The International Criminal Court isn’t the only avenue for the prosecution of these crimes. There have been special UN tribunals in which individuals accused of war crimes and crimes against humanity have been prosecuted. These include the courts established by the UN Security Council to address the crimes committed in the former Yugoslavia, Sierra Leone and Cambodia. Recently, a court was established in Lebanon with regard to the murder of former Prime Minister Hariri.
Individual States Seek to Exercise Universal Jurisdiction
Yet another way to prosecute suspects for heinous violations of international law may be found in certain states that have adopted laws involving "universal jurisdiction." As noted, the Rome Statute established the primary commitment of states to exercise their jurisdiction and prosecute individuals suspected of responsibility for such crimes in national courts. The emphasis here is on a state’s responsibility to bring to justice anyone responsible for such crimes, via adjusted legislation, expanded universal jurisdiction, and improved international cooperation.
Universal jurisdiction refers to the power of a state to legislate, adjudicate, and punish any individual for crimes committed outside its borders, even when those crimes were not committed against that country or its citizens, and even if the accused is not its citizen. The idea is that anyone who commits such atrocious, internationally condemned crimes will not be able to find shelter or hide from judgment anywhere on the globe.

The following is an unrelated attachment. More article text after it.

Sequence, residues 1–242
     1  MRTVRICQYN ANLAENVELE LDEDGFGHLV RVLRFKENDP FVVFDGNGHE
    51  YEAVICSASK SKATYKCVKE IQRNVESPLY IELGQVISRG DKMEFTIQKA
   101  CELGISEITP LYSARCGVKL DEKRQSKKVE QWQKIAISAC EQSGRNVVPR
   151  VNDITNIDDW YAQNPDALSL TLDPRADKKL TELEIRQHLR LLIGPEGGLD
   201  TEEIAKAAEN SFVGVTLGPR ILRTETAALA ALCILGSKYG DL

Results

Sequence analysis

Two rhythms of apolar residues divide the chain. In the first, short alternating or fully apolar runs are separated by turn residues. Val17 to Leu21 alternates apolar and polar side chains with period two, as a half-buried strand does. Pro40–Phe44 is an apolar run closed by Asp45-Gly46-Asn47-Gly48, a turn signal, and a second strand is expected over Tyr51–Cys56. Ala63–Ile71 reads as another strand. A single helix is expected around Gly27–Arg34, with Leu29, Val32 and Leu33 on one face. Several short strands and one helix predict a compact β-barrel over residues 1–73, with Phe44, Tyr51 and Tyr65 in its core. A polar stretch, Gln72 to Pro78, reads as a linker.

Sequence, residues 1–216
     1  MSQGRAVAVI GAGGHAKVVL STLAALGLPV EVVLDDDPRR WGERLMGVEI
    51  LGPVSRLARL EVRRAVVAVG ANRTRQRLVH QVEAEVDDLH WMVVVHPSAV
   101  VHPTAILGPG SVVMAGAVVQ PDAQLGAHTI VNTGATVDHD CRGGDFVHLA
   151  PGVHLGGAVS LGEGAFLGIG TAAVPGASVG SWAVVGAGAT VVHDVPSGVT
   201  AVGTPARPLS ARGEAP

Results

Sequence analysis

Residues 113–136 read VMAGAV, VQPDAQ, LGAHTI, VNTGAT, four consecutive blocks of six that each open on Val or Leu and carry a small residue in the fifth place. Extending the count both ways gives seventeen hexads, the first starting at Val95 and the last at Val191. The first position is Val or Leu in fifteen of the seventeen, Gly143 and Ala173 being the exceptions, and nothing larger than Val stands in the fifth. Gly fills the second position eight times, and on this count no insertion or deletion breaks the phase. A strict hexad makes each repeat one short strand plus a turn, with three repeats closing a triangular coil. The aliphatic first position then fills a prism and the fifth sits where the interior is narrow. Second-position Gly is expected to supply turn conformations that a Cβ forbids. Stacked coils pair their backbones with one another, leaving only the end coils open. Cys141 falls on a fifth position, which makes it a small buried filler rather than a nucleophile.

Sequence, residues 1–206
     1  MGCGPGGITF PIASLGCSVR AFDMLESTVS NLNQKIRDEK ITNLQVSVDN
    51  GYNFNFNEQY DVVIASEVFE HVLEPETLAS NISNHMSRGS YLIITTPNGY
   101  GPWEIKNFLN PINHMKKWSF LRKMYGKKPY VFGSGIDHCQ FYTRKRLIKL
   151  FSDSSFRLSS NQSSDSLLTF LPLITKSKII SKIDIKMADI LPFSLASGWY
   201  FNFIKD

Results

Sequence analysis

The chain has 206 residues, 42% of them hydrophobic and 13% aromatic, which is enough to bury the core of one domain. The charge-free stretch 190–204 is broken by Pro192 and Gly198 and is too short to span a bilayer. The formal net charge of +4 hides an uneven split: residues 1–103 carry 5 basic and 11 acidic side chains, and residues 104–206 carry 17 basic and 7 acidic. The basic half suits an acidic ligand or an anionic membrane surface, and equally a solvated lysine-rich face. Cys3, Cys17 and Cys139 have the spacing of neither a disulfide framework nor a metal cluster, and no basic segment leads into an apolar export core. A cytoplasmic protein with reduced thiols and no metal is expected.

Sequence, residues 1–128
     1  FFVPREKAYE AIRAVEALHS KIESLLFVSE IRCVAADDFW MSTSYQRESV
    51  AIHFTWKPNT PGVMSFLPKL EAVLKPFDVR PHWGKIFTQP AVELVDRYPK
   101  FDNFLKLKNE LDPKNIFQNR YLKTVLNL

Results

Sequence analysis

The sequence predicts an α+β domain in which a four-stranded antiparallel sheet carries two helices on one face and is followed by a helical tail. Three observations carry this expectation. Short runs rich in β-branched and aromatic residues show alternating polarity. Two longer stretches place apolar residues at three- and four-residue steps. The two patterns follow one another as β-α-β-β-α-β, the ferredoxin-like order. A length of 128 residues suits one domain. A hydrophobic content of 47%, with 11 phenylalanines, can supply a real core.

The definition of these crimes is the result of historical processes. The constituting treaty of the Nuremberg trials, for example, established principles regarding Nazi war crimes, and mandated that individuals accused of crimes against peace, war crimes, and crimes against humanity committed during the Second World War would be prosecuted in an international military court assembled by all the countries party to the treaty (the U.S.A., USSR, England and France), which would operate in Nuremberg. It was further determined that these criminals may be prosecuted by the national justice systems of all the countries party to the established international court. The treaty was ratified by 19 additional countries and in 1946 its principles were unanimously adopted by the UN General Assembly. Therefore, it was determined that crimes against peace, war crimes, and crimes against humanity are crimes in all states, and all states can prosecute individuals who were responsible for committing them. As a result, Nazi war criminals were prosecuted in several countries.
In another example, the Rules of War were expanded by the 1949 Geneva Convention, and demarcate the line between "right" and "wrong" in times of war. They also define what are benign and flagrant violations. They entrust each individual state with the responsibility to locate and prosecute violators, even if the crime was committed outside its jurisdiction and was not directed against it or its citizens. The description of the flagrant violations extended the definition of war crimes beyond their Nuremberg definition and subjected them to universal jurisdiction.